Last week, in "Online Fraud Continues to Escalate" (URL below), I presented an overview of data collected and analyzed by Cyveillance. You recall that the data revealed several interesting statistics, including that in fourth quarter 2007, 51 percent of phishing pages were hosted on compromised servers.

http://www.windowsitpro.com/Windows/Article/ArticleID/98332/98332.html

Google released a report that reveals still more staggering figures. From January through October 2007, Niels Provos and Panayiotis Mavrommatis (both of Google), along with Moheeb Abu Rajab and Fabian Monrose of Johns Hopkins University, subjected approximately 66.5 million Web pages to in-depth analysis, which revealed that more than 3.4 million malicious Web pages are plaguing the Internet with drive-by downloads.

A drive-by download is a situation in which a computer becomes infected with some sort of malware when its user simply visits a Web page. Such infections typically take advantage of vulnerabilities in browsers, browser components (typically add-ons), and OSs.

One question that might arise is this: If Google indexes billions of Web pages, then why were only 66.5 million pages subjected to in-depth inspection? The answer is both simple and complicated. Put simply, the team sifted Google's multibillion-page haystack to find suspicious needles by using a somewhat complex methodology. In short, the team used automation to analyze page content for specific factors such as "out-of-place" iFrames, iFrames that pulled content from known malware sites, and obfuscated JavaScripts.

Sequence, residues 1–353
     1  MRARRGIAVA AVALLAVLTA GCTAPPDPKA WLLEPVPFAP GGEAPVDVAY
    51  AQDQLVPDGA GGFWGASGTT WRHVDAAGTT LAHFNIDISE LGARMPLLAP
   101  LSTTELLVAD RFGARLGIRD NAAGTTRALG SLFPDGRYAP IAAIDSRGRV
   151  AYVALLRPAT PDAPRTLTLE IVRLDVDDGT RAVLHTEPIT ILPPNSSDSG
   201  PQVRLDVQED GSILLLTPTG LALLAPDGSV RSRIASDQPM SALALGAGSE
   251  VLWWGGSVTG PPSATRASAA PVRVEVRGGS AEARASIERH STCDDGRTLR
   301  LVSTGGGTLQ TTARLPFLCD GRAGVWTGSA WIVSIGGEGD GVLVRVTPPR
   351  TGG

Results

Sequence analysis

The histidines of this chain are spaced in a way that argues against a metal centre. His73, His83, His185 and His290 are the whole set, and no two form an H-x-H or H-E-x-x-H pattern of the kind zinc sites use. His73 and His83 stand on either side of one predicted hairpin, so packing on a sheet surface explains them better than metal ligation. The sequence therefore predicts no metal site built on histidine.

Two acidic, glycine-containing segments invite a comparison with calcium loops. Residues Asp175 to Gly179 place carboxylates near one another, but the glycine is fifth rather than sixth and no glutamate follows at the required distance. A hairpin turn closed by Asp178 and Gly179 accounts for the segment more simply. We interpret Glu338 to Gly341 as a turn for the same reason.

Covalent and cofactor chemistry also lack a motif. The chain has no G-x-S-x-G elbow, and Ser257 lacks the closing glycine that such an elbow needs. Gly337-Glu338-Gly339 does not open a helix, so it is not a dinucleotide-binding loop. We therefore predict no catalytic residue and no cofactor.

That led to the discovery of a huge pile of needles (66.5 million), which were then further subjected to scrutiny in a second phase of processing. The second phase involved building a big honeynet of virtual machines running Windows, unpatched copies of Microsoft Internet Explorer (IE), and various antivirus packages. That setup was combined with various heuristics to determine whether a page was most likely malicious as opposed to only being suspicious.

In the report, the team wrote that, "To limit false positives, we choose a conservative decision criteria \[sic\] that uses an empirically derived threshold to mark a URL as malicious. This threshold is set such that it will be met if we detect changes in the system state, including the file system as well as creation of new processes. A visited URL is marked as malicious if it meets the threshold and one of the incoming HTTP responses is marked as malicious by at least one anti-virus scanner. ... Finally, a URL that meets the threshold requirement but has no incoming payload flagged by any of the anti-virus engines, is marked as suspicious."

The team was also able to map malware distribution networks. By analyzing page content relationships, the team determined how pages fell into a hierarchy. Landing sites led to malicious pages, and malicious pages led to malware distribution sites.

The mapping revealed that approximately 181,700 sites host the 3.4 million malicious drive-by download pages discovered. The mapping also revealed approximately 9,340 malware distribution sites behind those pages. Eighty percent of all sites that contain drive-by downloads are hosted in China and the United States, with China being by far the most prevalent location. The percentages are similar for distribution sites. China leads the pack, with the United States following in a distant second place.

The report contains a ton of useful information and loads of statistics that you will undoubtedly find incredibly interesting. For example, the researchers revealed that "1.3 percent of the incoming search queries to Google's search engine return at least one link to a malicious site." The team also revealed that if someone visits a malicious URL with an unprotected Windows system, an average of 8 executable files are downloaded to the system, and in extreme cases, the number can be as high as 60! If that's not valuable data to help bolster security budgets, then I don't know what is.

To learn more, get a copy of the team's 22-page report in PDF format at the URL below.

http://research.google.com/archive/provos-2008a.pdf